Canyonlands National Park

A Wilderness of Rock

Water and gravity are the master architects of this NP on the Colorado Plateau. These powerful natural forces cut flat layers of sedimentary rock into hundreds of amazing canyons, mesas, buttes, fins, arches, and spires that are too beautiful to describe in words.

Before being dedicated as a NP, in 1964, these remote lands were only familiar to Native Americans, cowboys, river explorers, and uranium prospectors.  (park brochure)

Canyonlands is made up of 3 different regions: Island in the Sky to the north, The Needles to the south, and The Maze to the west. The Colorado and Green Rivers intersect these distinct regions.

 park brochure

Both Island in the Sky and The Needles are accessible off 191 that runs through Moab. The Maze is the least accessible district of Canyonlands requiring a 4-wheel-drive vehicle, more time, and some self-sufficiency to visit this more remote area.

We head north for about 10 miles and then head west on 313 for another 20-some miles to reach the Island in the Sky Visitor Center.

But before we get to the Visitor Center, 2 spectacular rock formations catch our attention.

Do these rocks remind you of anything? (Hint: Civil War ships)

We stop at the overlook and read the posted information…

These prominent 600 feet-tall landforms are the Monitor and Merrimac Buttes.

Short history lesson: The Merrimac, on the left, was the Confederate ship, called the “Virginia” by the southern troops. The Monitor, on the right, was the Union ship, sent to destroy the Merrimac.

We also learn that this view area, and much of the Colorado Plateau, rests on Navajo sandstone deposited some 200 million years ago when a vast desert existed here. These sand dunes eventually hardened and petrified into the many rock formations that are visible throughout Canyonlands.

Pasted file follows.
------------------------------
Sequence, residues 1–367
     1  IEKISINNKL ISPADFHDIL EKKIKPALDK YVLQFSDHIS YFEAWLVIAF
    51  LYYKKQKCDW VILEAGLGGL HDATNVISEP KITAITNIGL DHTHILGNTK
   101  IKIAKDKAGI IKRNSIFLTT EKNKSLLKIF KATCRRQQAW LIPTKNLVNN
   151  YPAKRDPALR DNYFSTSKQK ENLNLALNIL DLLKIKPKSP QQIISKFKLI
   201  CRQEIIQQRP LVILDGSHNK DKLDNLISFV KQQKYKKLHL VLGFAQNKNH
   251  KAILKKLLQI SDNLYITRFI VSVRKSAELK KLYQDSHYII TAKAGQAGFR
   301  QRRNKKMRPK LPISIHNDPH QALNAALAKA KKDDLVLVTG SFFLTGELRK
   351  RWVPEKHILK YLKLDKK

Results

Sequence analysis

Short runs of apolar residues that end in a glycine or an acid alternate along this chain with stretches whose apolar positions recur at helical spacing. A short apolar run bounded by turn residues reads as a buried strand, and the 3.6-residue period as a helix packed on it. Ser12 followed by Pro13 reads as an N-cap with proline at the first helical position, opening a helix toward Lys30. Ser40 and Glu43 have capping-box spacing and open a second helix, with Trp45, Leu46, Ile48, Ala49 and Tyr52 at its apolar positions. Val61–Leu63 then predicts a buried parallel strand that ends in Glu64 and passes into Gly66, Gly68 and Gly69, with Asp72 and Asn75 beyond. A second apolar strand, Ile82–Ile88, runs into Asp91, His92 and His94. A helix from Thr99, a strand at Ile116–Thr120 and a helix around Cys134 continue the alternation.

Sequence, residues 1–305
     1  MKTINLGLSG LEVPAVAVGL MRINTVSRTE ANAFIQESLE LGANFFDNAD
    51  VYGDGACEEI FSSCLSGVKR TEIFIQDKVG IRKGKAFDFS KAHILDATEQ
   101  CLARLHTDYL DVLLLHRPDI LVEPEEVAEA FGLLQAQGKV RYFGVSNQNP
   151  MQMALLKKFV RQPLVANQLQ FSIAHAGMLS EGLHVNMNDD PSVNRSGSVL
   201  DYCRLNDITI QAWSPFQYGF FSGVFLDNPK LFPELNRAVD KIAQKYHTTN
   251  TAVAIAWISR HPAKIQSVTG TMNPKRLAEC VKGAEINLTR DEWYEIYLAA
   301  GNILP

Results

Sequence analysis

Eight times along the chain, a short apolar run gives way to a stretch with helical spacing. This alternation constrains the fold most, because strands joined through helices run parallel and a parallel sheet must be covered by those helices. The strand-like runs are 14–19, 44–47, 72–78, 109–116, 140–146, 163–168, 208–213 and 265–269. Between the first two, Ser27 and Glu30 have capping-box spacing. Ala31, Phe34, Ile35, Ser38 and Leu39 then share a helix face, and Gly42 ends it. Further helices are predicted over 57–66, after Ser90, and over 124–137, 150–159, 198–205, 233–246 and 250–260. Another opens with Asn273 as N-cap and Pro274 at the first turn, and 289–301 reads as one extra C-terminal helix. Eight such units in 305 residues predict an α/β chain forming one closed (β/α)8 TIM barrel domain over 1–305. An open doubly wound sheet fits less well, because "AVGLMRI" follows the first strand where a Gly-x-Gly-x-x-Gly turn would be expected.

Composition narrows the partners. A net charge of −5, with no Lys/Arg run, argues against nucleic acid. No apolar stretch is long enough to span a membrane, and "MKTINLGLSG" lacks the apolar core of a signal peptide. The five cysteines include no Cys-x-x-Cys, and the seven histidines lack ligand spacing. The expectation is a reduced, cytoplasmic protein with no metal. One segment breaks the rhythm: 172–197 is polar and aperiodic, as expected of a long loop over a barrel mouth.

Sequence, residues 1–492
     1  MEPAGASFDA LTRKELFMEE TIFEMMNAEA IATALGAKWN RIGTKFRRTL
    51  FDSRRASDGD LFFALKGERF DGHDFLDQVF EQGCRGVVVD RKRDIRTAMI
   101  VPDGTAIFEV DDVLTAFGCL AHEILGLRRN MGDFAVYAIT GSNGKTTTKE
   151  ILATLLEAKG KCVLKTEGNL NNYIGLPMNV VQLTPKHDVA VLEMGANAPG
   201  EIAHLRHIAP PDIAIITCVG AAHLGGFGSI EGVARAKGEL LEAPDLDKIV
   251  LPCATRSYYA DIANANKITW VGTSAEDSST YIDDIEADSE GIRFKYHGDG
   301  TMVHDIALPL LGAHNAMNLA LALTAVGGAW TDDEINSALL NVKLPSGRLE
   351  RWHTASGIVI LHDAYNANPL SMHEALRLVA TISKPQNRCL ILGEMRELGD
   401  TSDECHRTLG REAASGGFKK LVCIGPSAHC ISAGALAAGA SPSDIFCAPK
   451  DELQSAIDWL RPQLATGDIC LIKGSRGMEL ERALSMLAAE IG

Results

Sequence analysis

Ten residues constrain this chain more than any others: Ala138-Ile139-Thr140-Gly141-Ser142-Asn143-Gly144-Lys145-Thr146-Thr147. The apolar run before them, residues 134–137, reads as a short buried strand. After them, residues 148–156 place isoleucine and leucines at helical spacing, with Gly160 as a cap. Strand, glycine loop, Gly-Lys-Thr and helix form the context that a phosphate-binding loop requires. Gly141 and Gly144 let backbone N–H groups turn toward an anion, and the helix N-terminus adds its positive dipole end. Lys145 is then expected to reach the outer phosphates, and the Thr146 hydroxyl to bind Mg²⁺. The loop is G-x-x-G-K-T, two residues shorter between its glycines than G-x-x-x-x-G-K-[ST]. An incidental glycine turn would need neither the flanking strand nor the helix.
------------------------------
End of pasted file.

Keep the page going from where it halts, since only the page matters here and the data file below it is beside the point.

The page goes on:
Our first stop is Grand View Point Overlook at the edge of the Island in the Sky mesa. This broad mesa is wedged between the Green and Colorado Rivers.

Closest to the mesa’s edge is the White Rim, a nearly continuous sandstone bench 1,200 feet below.

A plaque at the Overlook explains how mere drops of water chisel solid stone into dramatic cliffs, spires, mesas, and buttes. Rainwater seeps into the thirsty sandstone, we are standing upon, and collects in razor-thin cracks.

In winter the water freezes and widens the cracks, splintering the rock into great slabs that tumble into the canyons. Thunderstorms release torrents of rain that send waterfalls of loose pebbles and dirt over the edges of the cliff. Softer slopes of clay and mudstone crumble beneath the force of the water. A stair-step shape emerges as water carves alternating layers of harder and softer rock. Most of the water evaporates or is absorbed into the rock layers. Only some of the water reaches the Green and Colorado Rivers, unseen in the canyons below, carting away thousands of feet of rock, one grain at a time.

The colors of the Colorado plateau are due to the different minerals inside the rock layers and how they react to weathering. Each sedimentary rock layer offers its own predominant color phase.

When the iron in the rock is exposed to the atmosphere, it gives off a vibrant red and yellow hue. The black sheen, called “desert varnish”, is produced from manganese. The purples and greens are caused by the clay minerals from the Morrison and Chinle Formations. (posted info at Monitor and Merrimac Overlook)

Grand View Point Overlook marks the southern-most end of the paved road through Island in the Sky. We retrace our route and stop to see what we missed…

Buck Canyon overlooks the Colorado River to the east.

More pictures from the edge…

The Green River…

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